salm is required for normal tracheal cell migration and morphogenesis in cells of the dorsal truck.
      Identification: Enhancer trap expression pattern survey for loci expressed in the ring gland.
      The salm cis-regulatory region contains an array of regulatory modules that mediate the spatio-temporal aspects of salm gene expression.
      sax regulates salm through its role in anterior posterior patterning of the wing pouch.
      Clonal analysis suggests salm determines the position of the L2 vein primordium by activating rho expression in neighbouring cells through a locally non-autonomous mechanism. rho then functions to initiate and maintain vein differentiation.
      Isolation and characterisation of salr, a gene arisen by reduplication and sequence diversification from the same ancestral gene as salm, that is still located close to salm in the genome. Sequence comparisons reveal a pattern of regional structural diversification of salm and salr. Electrophoretic mobility shift and footprinting assays demonstrate specific DNA binding of a conserved set of zinc fingers. The genes have extensive overlapping but not coincident patterns of expression in structures, such as the nervous system, indicating significant regulatory diversification.
      salm is involved in tracheal development at two different stages of embryonic development. salm represses tracheal placode formation in parasegments 2, 3, and 14. salm is also necessary for the directed migration of the dorsal trunk tracheal cells, which seems to be independent of branch fusion and general tracheal cell migration.
      The spatial domains of salm and bi expression are regulated by dpp. Secreted dpp directly defines the width of the salm domain.
      dpp acts as a gradient morphogen during wing development. Clonal analysis reveals that dpp, secreted by a stripe of wing cells along the anteroposterior compartment boundary, acts directly and at long range on surrounding cells and elicits qualitatively distinct outputs from these cells as a function of their distance from the dpp source. bi and salm are transcriptionally activated at different distances from the dpp secreting cells.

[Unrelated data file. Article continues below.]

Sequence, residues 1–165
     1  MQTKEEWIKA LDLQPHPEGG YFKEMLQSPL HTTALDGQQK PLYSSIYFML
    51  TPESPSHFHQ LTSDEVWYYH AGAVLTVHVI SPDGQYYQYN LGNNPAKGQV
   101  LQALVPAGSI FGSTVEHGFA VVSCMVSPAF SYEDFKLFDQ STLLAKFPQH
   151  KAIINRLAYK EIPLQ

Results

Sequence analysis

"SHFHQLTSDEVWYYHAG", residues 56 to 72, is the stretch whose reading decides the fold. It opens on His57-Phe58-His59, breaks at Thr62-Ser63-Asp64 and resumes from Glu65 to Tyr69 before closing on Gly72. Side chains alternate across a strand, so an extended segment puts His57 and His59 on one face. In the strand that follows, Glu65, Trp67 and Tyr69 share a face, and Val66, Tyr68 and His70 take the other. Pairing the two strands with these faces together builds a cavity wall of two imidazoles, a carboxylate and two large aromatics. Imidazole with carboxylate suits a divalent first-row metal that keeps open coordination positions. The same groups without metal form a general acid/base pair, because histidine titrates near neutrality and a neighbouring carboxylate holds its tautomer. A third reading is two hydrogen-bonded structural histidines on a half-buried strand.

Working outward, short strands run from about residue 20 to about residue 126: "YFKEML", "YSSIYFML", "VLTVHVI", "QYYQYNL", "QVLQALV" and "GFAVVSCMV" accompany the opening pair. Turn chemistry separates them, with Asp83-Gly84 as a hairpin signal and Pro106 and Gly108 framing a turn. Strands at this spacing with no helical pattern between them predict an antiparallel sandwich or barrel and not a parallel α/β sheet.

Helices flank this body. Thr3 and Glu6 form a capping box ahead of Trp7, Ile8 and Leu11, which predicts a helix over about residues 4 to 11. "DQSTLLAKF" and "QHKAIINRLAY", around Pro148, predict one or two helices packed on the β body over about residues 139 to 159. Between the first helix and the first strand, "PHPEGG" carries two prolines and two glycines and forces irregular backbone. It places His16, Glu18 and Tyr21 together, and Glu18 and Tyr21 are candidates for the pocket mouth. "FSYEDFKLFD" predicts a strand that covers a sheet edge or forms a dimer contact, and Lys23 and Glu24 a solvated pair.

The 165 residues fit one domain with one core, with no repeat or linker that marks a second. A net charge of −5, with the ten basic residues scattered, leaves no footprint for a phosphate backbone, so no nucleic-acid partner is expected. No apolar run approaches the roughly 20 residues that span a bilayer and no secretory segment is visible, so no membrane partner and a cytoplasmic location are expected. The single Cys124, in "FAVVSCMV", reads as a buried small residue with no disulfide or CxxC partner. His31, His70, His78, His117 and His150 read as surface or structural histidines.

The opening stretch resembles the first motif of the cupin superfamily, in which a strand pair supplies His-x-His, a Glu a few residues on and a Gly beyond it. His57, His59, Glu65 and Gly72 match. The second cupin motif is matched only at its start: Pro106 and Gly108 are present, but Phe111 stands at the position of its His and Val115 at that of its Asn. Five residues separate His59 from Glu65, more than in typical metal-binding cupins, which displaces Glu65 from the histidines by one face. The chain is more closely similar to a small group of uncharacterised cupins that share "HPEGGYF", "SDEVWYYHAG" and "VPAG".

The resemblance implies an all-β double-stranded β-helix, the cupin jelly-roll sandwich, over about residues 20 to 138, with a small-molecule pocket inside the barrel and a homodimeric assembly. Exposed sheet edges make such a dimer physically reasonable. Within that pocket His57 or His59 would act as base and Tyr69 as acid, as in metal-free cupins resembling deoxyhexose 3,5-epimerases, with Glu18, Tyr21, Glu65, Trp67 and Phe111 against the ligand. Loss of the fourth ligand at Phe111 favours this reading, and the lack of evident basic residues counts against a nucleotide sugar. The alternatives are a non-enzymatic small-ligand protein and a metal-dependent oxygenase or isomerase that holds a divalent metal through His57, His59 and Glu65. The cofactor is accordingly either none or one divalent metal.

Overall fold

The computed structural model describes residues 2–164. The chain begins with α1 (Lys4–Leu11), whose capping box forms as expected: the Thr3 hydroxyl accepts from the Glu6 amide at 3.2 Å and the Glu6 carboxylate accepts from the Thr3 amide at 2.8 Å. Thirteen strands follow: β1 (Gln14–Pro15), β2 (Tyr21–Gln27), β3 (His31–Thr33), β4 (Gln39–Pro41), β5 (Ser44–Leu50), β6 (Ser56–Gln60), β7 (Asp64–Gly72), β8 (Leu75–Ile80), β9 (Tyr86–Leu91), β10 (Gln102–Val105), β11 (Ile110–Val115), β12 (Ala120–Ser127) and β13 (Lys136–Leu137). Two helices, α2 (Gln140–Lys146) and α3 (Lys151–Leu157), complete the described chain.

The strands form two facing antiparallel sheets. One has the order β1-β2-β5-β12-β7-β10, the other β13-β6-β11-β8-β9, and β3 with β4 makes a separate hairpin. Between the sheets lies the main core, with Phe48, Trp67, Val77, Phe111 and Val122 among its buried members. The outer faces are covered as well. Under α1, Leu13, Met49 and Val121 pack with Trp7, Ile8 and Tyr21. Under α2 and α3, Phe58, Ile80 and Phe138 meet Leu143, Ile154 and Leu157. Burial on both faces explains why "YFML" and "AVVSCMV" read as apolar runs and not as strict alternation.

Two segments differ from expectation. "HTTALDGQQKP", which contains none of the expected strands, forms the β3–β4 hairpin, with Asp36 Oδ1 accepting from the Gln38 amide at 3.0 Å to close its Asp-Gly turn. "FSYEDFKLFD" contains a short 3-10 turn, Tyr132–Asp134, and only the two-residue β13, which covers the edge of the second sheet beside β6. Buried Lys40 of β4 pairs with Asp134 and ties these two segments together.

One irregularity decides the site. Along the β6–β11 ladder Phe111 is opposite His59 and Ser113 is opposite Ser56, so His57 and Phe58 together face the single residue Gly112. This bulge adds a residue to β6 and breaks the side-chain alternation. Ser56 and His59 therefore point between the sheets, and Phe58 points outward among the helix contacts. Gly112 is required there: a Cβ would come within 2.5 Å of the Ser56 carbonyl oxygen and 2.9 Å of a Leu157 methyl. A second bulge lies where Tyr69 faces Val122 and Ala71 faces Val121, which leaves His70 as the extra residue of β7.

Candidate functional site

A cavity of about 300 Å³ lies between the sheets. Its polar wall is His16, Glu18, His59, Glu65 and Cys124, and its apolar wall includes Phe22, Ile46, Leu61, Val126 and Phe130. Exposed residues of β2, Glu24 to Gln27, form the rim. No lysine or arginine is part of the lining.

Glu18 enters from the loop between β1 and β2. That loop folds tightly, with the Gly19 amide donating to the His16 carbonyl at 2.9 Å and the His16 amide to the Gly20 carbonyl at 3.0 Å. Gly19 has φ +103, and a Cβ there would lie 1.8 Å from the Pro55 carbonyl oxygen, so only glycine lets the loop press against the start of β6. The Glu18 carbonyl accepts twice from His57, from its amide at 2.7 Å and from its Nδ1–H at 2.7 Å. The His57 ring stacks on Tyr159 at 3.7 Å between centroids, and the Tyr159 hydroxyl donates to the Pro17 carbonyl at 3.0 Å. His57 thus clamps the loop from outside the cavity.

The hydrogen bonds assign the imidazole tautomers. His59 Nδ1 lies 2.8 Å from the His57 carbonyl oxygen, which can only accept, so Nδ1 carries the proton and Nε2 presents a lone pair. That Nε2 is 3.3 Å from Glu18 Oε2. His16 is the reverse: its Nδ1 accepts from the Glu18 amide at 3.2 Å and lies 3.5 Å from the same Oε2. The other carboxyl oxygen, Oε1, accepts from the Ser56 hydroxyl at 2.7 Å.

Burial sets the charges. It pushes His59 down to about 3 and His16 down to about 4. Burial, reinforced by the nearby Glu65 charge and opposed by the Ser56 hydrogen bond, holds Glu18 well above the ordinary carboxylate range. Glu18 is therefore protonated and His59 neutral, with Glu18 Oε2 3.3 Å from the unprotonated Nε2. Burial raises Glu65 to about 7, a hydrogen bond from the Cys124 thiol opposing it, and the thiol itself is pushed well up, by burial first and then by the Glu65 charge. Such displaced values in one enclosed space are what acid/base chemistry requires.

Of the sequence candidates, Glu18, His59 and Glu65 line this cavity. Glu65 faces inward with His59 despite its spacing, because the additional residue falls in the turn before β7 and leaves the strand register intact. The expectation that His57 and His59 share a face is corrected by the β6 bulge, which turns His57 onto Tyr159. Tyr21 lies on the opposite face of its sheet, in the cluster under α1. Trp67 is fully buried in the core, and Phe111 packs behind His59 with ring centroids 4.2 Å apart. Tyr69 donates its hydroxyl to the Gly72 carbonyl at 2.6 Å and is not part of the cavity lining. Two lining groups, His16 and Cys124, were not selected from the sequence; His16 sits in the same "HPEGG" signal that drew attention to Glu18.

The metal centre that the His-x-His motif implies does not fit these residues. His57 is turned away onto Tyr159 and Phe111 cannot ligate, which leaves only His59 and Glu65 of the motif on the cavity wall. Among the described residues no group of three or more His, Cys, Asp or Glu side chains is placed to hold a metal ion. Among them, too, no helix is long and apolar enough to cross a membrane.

salr and salm are expressed in response to dpp in a central territory of the wing imaginal disc, where they are required for the patterning of the wing. The phenotypic consequences of misexpression of salr and salm suggest that an important outcome of dpp activity is the subdivision of the wing disc into territories smaller than lineage compartments through the regulation of salr and salm.
      The organisation of the tail region of the embryo is documented from studies of cuticular markers enabling a more direct comparison between homologous structures on the embryo and larval cuticle.
      Wing veins, or ectopic paraveins produced by ectopic rho and Dl expression, form along boundaries of A-P positional coordinates in the developing wing.
      salm gene product directly or indirectly represses tsh gene expression in the labium and tail domains.
      The region specific homeotic gene salm is required for the establishment of posterior head and anterior tail segments of the embryo. salm gene product confers its function as a transcription factor.
      Enhancer trapping methods have been used to identify regulatory elements and corresponding genes that are influenced by the homeotic Antp gene product. Clonal analysis demonstrates that Antp expression in the mesothoracic leg disc is required to prevent expression of the salm gene: Antp negatively regulates salm. The cis-regulatory element whose activity is affected by Antp is located in a 3.5 kb EcoRI fragment.
      In embryos lacking salm in the trunk region Ubx and Scr are ectopically expressed. These results suggest that salm has a general role in ensuring the correct spatial expression of other homeotic genes and could be another member of the Pc class of regulatory genes.